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Feces around the anus, diarrhea in three budgerigars which died from combined infection coccidiosis and megabacteriosis. 

Feces around the anus, diarrhea in three budgerigars which died from combined infection coccidiosis and megabacteriosis.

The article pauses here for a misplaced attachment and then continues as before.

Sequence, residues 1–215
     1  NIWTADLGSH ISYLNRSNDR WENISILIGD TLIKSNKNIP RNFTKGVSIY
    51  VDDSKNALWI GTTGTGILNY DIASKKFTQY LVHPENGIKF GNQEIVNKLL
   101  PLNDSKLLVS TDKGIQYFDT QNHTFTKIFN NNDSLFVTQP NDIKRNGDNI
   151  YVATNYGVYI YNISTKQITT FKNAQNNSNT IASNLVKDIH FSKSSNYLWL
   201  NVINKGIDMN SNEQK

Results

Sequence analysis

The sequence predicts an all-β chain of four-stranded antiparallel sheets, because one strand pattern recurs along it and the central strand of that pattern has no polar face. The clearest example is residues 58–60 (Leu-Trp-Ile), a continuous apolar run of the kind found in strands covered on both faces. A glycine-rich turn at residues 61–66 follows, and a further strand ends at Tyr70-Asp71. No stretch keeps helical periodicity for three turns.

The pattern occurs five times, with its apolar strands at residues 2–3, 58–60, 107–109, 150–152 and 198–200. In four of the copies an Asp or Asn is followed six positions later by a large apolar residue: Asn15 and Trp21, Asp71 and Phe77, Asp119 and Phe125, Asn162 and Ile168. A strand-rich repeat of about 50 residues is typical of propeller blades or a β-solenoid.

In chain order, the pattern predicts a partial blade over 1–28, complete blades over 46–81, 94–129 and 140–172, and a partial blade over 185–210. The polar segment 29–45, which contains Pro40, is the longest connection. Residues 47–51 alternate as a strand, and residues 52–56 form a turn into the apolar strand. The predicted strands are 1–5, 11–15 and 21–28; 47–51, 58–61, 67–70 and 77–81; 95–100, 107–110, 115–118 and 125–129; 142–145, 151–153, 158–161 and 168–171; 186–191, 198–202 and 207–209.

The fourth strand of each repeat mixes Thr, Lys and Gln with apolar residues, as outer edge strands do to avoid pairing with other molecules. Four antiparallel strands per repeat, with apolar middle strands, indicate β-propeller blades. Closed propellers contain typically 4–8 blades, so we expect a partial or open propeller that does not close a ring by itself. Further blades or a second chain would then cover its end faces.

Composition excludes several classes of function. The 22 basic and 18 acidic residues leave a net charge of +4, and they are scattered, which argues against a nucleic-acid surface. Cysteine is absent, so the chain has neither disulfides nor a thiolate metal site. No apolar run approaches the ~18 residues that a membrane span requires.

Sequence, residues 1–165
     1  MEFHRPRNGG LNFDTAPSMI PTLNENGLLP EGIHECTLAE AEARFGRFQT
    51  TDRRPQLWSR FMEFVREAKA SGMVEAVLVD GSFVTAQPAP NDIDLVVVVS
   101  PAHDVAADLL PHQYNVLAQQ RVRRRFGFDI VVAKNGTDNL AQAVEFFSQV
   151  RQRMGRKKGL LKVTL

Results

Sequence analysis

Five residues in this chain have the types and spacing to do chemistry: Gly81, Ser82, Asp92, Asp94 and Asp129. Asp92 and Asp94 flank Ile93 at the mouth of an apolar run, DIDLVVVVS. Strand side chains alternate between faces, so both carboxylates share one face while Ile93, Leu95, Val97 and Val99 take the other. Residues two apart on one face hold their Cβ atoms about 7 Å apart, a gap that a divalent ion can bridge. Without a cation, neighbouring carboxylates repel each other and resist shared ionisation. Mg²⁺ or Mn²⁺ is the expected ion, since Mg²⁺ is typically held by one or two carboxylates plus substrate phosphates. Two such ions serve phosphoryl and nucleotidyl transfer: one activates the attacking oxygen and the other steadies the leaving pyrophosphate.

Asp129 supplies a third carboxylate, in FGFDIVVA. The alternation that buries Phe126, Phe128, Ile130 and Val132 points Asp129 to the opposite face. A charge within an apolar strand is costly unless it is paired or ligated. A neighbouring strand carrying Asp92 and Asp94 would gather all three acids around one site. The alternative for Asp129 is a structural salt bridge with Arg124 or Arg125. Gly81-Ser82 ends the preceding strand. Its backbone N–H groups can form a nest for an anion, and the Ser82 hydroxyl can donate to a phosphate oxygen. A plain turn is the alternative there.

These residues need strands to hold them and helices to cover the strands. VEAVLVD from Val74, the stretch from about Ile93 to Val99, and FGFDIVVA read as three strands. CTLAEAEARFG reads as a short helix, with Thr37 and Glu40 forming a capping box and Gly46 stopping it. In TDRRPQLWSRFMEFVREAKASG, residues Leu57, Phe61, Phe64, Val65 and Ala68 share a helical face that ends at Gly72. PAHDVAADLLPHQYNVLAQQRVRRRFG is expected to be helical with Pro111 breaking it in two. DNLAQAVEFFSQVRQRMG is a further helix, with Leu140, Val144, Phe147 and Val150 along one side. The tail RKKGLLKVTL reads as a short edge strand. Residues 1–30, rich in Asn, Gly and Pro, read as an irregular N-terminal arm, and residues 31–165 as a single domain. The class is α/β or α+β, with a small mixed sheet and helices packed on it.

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The aim of this study was to describe the pathological findings in budgerigars simultaneously infected under field conditions with coccidiosis and megabacteriosis. Severe diarrhea and vomiting were observed in a budgerigar flock. Affected birds showed inappetence and loss of condition, with a flock mortality rate of 30%. At necropsy, the proventric...